Content Creator Chimwemwe headed out to Cumbria Pride over the weekend, and chatted with event-goers to talk about what pride means to them, and the importance of having pride return to Cumbria after the pandemic.
People gathered from across the county and beyond on the historical grounds of Carlisle Castle to celebrate Pride. The sunshine graced the city glistening upon crowds adorned in glitter, flags, and clothes that express their identity.
For some Pride goers like Abi Price, 17, of Carlisle, it's a safe space for them to express their identity without fear and enjoy what it means to be queer, and reflect on the progression of LGBT+ history.
For others like Julie, 42, of Carlisle it was a chance to educate herself on how to better help her trans son with the issues he faces:
“As a parent you want to protect your kids and make sure you are doing the best you can by them, that’s why I am here today so I know how to better support him.”
Julie, like many allies attending pride, could find useful information and support with over 20+ organisations at hand that raise awareness of issues the LGBT+ community face and provide community support.
The LGBT Foundation found last year that COVID19 disproportionately affected the LGBT+ community due to social issues such as; social isolation, domestic abuse, trans and non-binary health, mental health, and substance misuse.
In the stalls, there were the likes of DePaul, a youth homelessness charity. CADAS, Cumbria’s drug and alcohol advisor service and Always Another Way, a community not-for-profit that supports young LGBT+ people through their colour coded project.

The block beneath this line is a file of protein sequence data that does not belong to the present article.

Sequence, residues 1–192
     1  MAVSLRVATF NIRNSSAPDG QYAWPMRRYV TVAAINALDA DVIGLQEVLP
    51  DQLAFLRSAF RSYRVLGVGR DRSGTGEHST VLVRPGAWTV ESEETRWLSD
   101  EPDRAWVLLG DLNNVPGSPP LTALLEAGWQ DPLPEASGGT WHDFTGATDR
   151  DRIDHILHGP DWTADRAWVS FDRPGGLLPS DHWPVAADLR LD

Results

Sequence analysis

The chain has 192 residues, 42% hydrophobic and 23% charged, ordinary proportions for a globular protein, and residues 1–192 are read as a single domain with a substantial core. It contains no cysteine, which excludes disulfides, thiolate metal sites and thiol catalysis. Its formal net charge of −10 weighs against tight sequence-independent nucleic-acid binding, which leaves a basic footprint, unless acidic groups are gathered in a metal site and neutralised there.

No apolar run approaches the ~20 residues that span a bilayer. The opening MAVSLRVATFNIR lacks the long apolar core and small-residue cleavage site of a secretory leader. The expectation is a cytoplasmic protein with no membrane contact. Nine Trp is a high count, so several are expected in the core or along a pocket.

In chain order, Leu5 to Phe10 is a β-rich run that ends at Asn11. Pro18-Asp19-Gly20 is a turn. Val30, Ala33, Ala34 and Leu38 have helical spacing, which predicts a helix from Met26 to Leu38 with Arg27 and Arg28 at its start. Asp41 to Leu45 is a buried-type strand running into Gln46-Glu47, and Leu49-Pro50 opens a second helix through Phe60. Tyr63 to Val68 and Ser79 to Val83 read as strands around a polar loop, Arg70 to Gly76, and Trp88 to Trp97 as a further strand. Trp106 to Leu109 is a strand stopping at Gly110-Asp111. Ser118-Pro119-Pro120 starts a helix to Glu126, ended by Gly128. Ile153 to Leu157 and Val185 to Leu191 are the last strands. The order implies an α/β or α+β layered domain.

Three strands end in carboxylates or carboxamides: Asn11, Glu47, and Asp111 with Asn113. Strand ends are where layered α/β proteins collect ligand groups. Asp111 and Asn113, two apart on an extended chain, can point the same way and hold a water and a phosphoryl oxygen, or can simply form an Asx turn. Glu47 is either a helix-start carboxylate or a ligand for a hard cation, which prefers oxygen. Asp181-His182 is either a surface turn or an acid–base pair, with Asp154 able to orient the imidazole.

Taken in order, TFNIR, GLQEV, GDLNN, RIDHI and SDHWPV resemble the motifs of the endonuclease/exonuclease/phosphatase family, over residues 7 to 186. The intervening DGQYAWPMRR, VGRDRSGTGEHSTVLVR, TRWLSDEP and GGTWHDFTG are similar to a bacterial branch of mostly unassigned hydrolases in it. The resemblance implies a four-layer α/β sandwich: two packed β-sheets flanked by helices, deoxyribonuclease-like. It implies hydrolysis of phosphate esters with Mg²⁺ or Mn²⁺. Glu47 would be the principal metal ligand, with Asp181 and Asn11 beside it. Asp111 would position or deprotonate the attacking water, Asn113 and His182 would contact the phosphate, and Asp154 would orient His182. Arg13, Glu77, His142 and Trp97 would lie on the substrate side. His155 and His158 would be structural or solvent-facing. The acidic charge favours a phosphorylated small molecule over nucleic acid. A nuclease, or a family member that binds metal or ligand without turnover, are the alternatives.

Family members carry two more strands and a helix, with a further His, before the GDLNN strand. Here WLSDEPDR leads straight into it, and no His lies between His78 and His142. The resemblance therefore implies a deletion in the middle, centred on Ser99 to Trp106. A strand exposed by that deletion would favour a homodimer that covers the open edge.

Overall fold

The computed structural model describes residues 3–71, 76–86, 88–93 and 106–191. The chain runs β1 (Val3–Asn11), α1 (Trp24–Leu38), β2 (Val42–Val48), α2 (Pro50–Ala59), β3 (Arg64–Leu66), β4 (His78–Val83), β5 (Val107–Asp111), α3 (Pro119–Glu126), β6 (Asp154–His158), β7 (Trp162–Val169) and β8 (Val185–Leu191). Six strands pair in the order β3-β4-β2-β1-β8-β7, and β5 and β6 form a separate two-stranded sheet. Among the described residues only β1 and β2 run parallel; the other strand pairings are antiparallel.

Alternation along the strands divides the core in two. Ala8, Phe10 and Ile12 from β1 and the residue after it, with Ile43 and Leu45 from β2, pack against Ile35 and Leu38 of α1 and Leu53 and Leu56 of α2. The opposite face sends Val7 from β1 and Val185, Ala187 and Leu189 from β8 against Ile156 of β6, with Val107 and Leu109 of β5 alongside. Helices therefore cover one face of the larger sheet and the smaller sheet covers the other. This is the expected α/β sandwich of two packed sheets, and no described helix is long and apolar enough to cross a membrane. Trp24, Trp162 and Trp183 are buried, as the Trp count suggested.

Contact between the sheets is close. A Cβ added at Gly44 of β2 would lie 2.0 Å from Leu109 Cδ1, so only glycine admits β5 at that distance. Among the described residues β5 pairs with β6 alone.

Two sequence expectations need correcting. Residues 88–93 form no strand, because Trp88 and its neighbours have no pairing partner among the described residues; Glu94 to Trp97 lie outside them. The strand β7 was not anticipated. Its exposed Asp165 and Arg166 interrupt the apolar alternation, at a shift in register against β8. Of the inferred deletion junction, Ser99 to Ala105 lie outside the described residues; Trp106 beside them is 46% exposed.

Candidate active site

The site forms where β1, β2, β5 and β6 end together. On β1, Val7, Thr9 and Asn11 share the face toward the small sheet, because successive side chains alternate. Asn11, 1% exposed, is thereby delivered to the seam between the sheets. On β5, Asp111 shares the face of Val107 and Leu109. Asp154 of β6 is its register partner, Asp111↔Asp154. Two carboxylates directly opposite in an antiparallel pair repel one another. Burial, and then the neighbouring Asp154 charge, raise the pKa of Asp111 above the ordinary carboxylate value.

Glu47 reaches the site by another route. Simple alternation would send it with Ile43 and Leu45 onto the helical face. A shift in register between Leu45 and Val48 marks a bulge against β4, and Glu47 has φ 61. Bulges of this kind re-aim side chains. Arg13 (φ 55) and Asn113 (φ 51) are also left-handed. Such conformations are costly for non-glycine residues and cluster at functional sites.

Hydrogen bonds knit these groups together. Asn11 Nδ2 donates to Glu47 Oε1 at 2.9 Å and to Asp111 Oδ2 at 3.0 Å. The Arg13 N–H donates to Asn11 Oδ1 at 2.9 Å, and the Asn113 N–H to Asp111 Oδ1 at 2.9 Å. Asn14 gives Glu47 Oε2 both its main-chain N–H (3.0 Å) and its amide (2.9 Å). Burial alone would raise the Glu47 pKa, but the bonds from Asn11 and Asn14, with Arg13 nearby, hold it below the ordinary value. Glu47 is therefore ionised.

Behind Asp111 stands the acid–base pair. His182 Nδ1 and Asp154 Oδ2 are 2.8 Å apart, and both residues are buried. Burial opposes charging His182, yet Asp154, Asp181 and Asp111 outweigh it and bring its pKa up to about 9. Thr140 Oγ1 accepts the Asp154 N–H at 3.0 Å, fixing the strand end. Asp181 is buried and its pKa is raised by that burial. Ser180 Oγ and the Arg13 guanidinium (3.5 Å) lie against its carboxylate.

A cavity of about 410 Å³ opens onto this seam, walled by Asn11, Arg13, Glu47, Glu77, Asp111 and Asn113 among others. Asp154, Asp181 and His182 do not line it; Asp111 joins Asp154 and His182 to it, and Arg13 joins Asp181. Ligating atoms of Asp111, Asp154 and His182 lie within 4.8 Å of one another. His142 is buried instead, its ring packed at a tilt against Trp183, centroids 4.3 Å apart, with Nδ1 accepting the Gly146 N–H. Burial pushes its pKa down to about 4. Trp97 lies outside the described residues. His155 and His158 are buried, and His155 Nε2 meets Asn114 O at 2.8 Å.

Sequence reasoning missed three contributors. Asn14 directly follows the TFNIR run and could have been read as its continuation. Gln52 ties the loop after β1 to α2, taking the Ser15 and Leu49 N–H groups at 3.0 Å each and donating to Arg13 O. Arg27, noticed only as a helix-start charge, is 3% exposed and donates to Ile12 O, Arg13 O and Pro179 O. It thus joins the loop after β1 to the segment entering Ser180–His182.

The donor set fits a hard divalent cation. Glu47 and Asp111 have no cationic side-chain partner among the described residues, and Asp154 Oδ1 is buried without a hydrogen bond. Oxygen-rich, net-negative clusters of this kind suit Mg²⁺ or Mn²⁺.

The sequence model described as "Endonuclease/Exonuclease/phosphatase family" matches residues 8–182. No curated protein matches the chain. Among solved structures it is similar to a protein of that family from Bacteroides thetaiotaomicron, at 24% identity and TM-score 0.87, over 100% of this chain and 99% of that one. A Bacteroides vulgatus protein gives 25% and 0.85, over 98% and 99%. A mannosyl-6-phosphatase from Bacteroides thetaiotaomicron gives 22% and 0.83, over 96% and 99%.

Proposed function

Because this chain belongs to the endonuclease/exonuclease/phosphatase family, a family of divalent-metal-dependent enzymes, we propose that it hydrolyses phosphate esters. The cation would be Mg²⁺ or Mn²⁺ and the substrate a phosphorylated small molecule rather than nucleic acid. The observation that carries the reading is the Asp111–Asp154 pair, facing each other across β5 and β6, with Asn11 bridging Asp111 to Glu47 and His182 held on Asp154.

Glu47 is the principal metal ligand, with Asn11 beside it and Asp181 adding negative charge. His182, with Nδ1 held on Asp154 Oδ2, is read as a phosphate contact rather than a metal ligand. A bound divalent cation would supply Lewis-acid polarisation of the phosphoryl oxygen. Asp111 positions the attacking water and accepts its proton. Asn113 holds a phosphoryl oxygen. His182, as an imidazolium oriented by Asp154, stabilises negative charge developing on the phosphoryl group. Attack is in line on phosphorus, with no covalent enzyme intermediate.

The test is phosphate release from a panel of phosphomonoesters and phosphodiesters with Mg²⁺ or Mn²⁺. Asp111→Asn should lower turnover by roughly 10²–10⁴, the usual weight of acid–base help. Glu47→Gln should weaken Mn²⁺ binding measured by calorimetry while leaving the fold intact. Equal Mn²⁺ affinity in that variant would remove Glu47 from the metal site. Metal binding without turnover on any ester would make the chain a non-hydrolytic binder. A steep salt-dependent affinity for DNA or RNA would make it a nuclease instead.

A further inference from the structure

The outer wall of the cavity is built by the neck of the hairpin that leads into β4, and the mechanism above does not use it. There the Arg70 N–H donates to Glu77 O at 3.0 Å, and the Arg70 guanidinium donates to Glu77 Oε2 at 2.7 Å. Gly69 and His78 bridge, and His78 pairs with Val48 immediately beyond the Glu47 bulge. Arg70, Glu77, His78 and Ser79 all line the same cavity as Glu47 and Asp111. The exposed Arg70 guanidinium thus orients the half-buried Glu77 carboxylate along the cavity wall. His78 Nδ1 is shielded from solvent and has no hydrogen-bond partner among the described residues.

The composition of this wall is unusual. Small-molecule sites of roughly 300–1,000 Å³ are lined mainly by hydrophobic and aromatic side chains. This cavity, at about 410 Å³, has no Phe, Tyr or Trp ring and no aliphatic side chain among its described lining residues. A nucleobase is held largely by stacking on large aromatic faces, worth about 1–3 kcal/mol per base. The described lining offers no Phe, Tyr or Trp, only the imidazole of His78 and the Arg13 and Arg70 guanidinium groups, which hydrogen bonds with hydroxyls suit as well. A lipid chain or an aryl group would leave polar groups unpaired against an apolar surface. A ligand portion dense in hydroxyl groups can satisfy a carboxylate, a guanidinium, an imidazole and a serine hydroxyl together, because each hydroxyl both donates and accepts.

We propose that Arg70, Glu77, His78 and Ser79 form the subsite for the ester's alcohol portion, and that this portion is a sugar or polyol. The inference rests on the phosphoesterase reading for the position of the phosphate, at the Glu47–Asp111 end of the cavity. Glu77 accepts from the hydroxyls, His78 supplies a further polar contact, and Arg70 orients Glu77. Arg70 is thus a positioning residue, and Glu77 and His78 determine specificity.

The organisational manager of Always Another Way, Andrea Sales explained what impact the pandemic had on their service:
“Although we were able to stay open as a low-level mental health charity we had to stop taking referrals.”
Andrea described how many young people that access her service were getting to crisis point with waiting lists for mental health support from CAMHS lengthening and for the trans community waiting times for gender identity clinics being completely frozen.
Thanks to not only just Always Another Way but to all the organisations that support the LGBT+ community with the issues they face many people would have had nowhere left to turn and the actions of these local organisations that have helped support those in need the most.
Jane-Ann Clarke the chair of Carlisle Pride shared how pride means a lot more to her than in the past:
“This year we’ve managed to go ahead when a lot of other prides have had to be cancelled, were really pleased to be able to hold a safe LGBTQAI event.”
Cumbria Pride 2021 was a celebration like no other, with performances from local and international talent like Cascada and a place, in the words of Rosa North, 16, of Carlisle:
“A place where you have a second family, somewhere you can be yourself and meet people like you.”
You can find more information about the next Cumbria Pride here.